Health

Merck will pay $11.5 billion for Acceleron Pharma.

Merck has struck an $11.5bn deal to buy Acceleron Pharma to expand its growing pipeline of cardiovascular treatments, and said it is on the hunt for further acquisition opportunities.

The US life sciences group said on Thursday it would acquire US-listed Acceleron for $180 per share in cash in a deal that is expected to close in the fourth quarter.

It is the latest in a series of acquisitions of emerging companies by large pharma groups aiming to secure access to blockbuster drugs to boost future revenues. Pfizer last month paid $2.3bn to acquire Trillium Therapeutics, which is developing a therapy that it hopes will be transformative for treating blood cancers.

Acceleron, which is based in Cambridge, Massachusetts, is a biotech company that develops protein-based therapies to treat certain types of cancers and rare diseases.

The company markets Reblozyl, a drug that treats anaemia in certain blood disorders, in the US, Europe and Canada in collaboration with Bristol-Myers Squibb, which owns an 11.5 per cent stake in Acceleron.

Rob Davis, chief executive of Merck, said the deal would give Merck access to a potential blockbuster drug candidate sotatercept, a treatment for a rare high blood-pressure disorder that is in Phase 3 clinical trials. Merck said it was targeting a launch for sotatercept in 2024-25.

Davis said he was confident Merck could successfully commercialise the drug as a foundational therapy and multibillion-dollar revenue opportunity.

“This fits perfectly in our capital allocation and development strategy. It really rounds out and complements our cardiovascular pipeline . . . and broadens and bolsters the overall pipeline,” Davis told the Financial Times.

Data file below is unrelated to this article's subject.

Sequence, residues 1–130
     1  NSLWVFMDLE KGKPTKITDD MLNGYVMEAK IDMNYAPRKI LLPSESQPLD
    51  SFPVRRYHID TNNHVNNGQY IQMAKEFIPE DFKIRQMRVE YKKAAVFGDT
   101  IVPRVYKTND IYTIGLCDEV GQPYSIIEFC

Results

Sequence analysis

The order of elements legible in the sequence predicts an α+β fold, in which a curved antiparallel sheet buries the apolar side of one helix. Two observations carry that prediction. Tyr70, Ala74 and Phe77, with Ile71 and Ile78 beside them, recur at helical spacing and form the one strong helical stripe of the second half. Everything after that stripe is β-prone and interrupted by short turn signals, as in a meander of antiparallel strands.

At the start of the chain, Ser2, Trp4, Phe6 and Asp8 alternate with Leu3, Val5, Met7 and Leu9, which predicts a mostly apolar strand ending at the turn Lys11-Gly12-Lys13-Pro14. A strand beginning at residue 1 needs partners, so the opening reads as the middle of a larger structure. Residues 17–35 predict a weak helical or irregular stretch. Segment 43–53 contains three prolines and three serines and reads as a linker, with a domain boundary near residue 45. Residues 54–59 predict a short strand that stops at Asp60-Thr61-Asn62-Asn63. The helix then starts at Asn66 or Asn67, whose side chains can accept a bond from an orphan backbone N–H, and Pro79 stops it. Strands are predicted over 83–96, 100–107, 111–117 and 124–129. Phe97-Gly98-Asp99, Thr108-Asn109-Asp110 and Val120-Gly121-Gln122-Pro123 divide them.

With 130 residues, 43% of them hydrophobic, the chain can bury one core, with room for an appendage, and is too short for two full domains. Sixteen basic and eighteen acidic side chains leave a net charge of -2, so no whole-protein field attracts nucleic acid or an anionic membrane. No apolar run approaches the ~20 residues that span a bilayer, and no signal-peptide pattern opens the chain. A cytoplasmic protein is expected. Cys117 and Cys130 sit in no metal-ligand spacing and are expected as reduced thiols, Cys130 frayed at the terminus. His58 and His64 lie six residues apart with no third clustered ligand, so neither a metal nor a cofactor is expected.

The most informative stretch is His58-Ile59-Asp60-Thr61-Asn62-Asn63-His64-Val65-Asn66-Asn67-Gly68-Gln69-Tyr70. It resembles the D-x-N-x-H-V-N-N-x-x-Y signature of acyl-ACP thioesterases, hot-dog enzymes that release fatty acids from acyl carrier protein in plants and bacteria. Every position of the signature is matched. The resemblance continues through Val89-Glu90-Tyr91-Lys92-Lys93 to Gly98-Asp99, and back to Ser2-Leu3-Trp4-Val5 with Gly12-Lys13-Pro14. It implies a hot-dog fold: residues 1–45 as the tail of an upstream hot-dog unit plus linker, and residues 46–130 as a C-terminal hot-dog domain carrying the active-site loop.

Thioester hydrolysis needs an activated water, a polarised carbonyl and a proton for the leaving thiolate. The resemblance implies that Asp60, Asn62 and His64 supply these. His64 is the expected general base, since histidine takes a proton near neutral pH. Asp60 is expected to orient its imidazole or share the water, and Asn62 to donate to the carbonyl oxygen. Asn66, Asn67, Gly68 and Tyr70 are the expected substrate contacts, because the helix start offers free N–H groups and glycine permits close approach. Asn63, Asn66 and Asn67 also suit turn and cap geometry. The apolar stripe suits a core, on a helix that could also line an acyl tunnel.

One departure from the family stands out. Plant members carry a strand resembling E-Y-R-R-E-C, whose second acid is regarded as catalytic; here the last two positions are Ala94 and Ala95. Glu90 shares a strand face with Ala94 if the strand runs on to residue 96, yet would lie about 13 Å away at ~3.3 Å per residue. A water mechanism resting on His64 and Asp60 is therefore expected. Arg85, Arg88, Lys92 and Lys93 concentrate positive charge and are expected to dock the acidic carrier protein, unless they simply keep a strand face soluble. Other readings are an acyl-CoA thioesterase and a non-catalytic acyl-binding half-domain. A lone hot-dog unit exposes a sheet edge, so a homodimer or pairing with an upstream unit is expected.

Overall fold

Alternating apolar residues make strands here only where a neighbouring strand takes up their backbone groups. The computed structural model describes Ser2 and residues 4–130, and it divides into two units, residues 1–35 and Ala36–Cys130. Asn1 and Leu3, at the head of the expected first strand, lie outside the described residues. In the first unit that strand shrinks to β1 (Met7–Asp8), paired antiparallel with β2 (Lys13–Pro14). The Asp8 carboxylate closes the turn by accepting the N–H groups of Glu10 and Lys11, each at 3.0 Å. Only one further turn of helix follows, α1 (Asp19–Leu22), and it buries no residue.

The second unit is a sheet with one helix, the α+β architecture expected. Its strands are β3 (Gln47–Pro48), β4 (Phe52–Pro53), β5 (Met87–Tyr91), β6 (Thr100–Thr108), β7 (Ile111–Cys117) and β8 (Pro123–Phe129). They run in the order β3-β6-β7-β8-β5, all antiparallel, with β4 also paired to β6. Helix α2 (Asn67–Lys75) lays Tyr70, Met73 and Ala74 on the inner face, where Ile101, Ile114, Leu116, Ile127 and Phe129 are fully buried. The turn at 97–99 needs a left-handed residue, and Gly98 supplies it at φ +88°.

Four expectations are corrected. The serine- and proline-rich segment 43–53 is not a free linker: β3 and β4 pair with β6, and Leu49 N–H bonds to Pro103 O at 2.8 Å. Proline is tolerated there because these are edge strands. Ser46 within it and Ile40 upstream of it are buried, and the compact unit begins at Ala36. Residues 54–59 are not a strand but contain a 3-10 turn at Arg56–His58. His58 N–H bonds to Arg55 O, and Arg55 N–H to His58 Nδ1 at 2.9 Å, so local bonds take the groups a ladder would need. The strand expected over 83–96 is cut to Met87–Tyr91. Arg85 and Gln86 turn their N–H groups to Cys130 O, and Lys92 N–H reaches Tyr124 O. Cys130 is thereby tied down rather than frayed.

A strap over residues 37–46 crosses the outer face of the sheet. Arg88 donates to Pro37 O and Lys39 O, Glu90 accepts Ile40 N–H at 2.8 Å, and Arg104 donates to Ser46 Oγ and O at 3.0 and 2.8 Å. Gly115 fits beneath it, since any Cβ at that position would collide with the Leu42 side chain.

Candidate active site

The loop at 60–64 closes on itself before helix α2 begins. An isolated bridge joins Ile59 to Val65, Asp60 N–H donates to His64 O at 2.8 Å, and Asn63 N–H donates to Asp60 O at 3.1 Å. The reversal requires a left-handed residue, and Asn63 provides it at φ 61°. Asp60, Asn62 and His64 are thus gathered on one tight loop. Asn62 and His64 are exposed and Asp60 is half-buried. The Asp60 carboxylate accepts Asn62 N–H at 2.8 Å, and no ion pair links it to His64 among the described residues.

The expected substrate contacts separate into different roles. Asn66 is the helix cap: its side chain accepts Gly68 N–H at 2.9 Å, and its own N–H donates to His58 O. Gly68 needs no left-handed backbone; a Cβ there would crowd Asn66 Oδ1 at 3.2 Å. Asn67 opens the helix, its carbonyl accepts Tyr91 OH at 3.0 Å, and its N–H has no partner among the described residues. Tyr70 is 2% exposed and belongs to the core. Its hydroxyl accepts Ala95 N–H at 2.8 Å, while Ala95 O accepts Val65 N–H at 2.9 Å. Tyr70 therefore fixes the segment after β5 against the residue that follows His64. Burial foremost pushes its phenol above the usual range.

Merck is seeking to diversify its drug portfolio with its blockbuster cancer drug Keytruda — which generated more than a third of company revenues in the second quarter — expected to face generic competition in coming years.

Davis said Merck would continue to look to broaden its pipeline of drugs and was prepared to accept a potential rating downgrade if the right acquisition opportunity emerged.

Several analysts welcomed the deal, saying it provided multiple revenue-generating opportunities for Merck.

Geoffrey Porges, analyst at SVB Leerink, said the price seemed fair given that a buyer would get 25 to 30 per cent of the value of Reblozyl, which is likely to become a $2bn-plus brand by the late 2020s. Merck would also get access to other drugs in Acceleron’s pipeline, including sotatercept, he said.

“Acceleron will offer a buyer a relatively secure $1bn to $1.5bn in estimated revenue by 2025, increasing to an estimated $2.7bn by 2030, and it is not unreasonable to expect the contribution to be $3.5bn in revenue by 2030,” said Porges.

Acceleron’s share price was down 0.4 per cent after the start of trading in New York, while Merck’s rose 1.8 per cent.

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